Why Short Cat-Naps Are Not Good Enough

By Elizabeth Pantley, Author of The No-Cry Nap Solution

 

If your child’s naps are shorter than an hour and a half in length, you may have wondered if these brief naps provide enough rest for your little one. You might suspect that these catnaps aren’t meeting your child’s sleep needs – and you would be right. The science of sleep explains why a short nap takes the edge off, but doesn’t offer the same physical and mental nourishment that a longer nap provides.

 

It takes between 90 and 120 minutes for your child to move through one entire sleep cycle, resulting in a Perfect Nap. It has been discovered that each stage of sleep brings a different benefit to the sleeper. Imagine, if you will, magic gifts that are awarded at each new stage of sleep:

 

Stage 1 - Very light sleep

Lasts 5 to 15 minutes

The gifts:

Prepares body for sleep

Reduces feelings of sleepiness

 

Stage 2 - Light to moderate sleep

Lasts up 15 minutes

The gifts:

Increases alertness

Improves motor skills

Stabilizes mood

Slightly reduces homeostatic sleep pressure

 

Stage 3 - Deep sleep

Lasts up to 15 minutes

The gifts:

Strengthens memory

Release of growth hormone

Repair of bones, tissues and muscles

Fortification of immune system

Regulates appetite

Releases bottled up stress

Restores energy

Reduces homeostatic sleep pressure

 

Stage 4 – Deepest sleep

Lasts up to 15 minutes

The gifts:

Same benefits as Stage 3, but enhanced

 

Next Stage – Dreaming

Lasts up to 9 to 30 minutes

The gifts:

Transfers short-term memory into long-term memory

Organizes thoughts

Secures new learning

Enhances brain connections

Sharpens visual and perceptual skills

Processes emotions

Relieves stress

Inspires creativity

Boosts energy

Reduces homeostatic sleep pressure (The biological process that creates fatigue and irritability.)

 

Longer naps

For as long as your child sleeps

The gifts:

Repeat all of the above stages in cycles

 

In order for your child to receive all of these wonderful gifts he must sleep long enough to pass at least once through each stage of sleep. Longer naps will encompass additional sleep cycles and provide a continuous presentation of gifts.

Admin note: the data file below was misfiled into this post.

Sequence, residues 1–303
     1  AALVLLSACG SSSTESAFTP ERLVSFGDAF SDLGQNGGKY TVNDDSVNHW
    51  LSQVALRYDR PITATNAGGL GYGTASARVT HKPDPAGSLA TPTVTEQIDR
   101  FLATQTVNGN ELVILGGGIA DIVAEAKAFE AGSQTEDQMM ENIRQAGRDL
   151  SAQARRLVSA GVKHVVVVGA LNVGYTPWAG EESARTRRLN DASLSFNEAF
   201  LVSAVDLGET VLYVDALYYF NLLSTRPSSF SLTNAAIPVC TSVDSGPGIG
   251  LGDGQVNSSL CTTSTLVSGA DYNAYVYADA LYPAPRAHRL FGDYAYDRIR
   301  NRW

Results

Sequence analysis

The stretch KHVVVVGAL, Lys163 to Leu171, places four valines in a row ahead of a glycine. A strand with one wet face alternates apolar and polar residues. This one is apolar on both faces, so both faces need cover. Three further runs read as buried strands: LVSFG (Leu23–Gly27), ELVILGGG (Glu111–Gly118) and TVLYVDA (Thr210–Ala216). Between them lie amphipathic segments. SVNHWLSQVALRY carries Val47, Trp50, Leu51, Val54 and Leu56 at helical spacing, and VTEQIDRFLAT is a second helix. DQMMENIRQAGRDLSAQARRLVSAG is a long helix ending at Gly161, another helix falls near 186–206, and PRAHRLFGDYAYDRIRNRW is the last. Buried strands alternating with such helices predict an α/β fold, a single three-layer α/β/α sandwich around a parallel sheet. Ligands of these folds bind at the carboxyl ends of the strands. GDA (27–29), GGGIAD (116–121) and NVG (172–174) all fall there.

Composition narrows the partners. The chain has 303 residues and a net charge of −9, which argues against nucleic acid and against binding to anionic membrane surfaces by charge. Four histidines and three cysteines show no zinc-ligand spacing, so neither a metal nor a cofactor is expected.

Newborn babies have unique cycles that slowly mature over time. A newborn sleep cycle is about 40 to 60 minutes long, and an infant enters dream sleep quickly, skipping several sleep stages. Infants need several sleep cycles to receive their full allotment of gifts. If your infant is sleeping only 40-60 minutes at naptime it is an indication that your baby is waking between cycles instead of returning to sleep on his own. We’ll cover a plethora of ideas to help your baby learn to go back to sleep without your intervention.

 

Now you can clearly see why a short nap doesn’t provide your baby or young child the best benefits of napping. You can also see why a mini-nap can fool you into thinking it is enough – since the very first five to fifteen minutes reduce feelings of sleepiness and bring that whoosh of second-wind energy that dissipates quickly, resulting is fussiness, crying, crankiness, tantrums and whining.

 

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From The No-Cry Nap Solution: Guaranteed Gentle Ways to Solve All Your Naptime Problems by Elizabeth Pantley (McGraw-Hill, January 2009). Here is the link for information and more excerpts:  http://www.pantley.com/elizabeth/